For Symbotic, the Walmart deal was equally game-changing. It represented a huge validation of its technology, which changes the way that warehouses operate. And where Walmart goes other retailers follow.
More important, it set the stage for the SPAC deal. In August, SoftBank’s Vikas Parekh, who first heard of Symbotic as the company began its search for partners for the deal, traveled from San Francisco to Florida to see Symbotic’s technology in action. “With industrial software companies, which SoftBank has a lot of experience with, the revenue is very, very sticky,” says Parekh, who will join Symbotic’s board. For SoftBank, which is investing $200 million, the deal represents its first acquisition target as a SPAC sponsor.
The warehouse robotics automation field is enormous and fast-growing, but there are also lots of competitors. Large firms like publicly traded Honeywell and Germany’s Dematic offer sortation conveyors and warehouse software, while a slew of venture-funded startups have introduced mobile robots and other next-gen solutions. Berkshire Grey, founded by the former chief technology officer of iRobot, went public in a SPAC deal in July; its shares have since fallen more than 40%, giving it a market cap of $1.2 billion. Meanwhile, venture-funded Locus Robotics, whose mobile bots handle ecommerce sales, raised new investment in February at a $1 billion valuation, then raised again at a higher number seven months later. And over in Europe, AutoStore went public in what was Norway’s largest IPO in two decades and is now worth $15 billion.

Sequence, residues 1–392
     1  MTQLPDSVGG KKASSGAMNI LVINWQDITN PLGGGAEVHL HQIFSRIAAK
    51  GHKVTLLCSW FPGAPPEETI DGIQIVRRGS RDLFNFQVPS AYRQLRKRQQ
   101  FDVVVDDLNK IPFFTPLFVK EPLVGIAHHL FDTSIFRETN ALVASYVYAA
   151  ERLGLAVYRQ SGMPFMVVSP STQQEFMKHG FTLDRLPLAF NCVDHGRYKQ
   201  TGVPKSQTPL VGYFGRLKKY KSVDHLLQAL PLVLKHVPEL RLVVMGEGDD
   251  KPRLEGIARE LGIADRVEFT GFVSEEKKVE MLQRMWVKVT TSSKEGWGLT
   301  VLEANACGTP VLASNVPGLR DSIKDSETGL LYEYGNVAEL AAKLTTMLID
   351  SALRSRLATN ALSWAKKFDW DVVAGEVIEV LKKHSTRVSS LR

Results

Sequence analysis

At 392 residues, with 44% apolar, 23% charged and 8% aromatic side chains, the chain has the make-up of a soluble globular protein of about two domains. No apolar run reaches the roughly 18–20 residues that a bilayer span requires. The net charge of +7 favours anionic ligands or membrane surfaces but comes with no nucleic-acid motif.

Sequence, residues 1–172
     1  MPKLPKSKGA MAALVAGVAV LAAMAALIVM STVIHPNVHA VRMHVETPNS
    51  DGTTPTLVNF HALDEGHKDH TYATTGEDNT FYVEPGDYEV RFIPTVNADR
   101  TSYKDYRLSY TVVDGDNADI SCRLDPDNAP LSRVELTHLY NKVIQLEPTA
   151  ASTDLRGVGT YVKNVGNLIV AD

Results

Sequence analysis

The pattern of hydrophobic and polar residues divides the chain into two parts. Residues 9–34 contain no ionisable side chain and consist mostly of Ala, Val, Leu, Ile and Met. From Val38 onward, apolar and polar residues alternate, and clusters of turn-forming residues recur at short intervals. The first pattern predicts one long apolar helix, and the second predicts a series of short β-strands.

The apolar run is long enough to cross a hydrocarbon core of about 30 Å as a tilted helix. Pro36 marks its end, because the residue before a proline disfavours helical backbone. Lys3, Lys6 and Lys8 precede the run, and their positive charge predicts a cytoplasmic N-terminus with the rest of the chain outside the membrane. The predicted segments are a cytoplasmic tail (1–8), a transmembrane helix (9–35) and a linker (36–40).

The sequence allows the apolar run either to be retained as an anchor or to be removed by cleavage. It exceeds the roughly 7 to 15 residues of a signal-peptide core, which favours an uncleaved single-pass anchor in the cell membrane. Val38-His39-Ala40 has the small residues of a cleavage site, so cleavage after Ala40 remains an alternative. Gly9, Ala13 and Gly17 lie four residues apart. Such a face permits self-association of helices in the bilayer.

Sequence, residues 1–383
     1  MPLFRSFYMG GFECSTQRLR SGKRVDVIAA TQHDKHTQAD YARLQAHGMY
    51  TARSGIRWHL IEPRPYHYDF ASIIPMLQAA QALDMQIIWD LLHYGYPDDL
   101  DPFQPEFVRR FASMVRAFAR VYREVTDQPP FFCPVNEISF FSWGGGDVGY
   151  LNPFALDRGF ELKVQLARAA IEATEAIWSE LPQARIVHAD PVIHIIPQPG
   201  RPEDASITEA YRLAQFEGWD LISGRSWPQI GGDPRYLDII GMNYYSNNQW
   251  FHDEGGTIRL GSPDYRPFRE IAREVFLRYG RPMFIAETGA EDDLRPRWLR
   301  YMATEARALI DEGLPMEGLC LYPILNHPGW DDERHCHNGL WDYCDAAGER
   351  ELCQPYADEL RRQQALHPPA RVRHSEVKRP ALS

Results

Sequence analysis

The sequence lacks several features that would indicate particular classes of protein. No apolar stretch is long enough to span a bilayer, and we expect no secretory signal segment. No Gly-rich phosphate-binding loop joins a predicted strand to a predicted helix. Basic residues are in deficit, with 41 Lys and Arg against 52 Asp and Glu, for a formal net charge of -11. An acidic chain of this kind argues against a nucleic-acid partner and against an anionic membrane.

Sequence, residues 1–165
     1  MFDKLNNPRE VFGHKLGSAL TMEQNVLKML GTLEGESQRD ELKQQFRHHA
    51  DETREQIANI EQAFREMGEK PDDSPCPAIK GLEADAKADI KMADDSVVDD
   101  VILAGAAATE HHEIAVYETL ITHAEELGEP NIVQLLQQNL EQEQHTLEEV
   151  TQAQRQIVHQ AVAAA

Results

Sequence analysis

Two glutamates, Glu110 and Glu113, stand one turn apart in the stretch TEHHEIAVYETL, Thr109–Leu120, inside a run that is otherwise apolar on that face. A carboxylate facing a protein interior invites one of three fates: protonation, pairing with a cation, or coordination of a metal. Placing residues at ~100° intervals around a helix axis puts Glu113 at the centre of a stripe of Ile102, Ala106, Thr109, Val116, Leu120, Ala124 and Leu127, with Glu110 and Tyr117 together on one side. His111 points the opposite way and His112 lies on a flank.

“This is a game changer. This first-of-its-kind tech when applied at our scale is revolutionary.”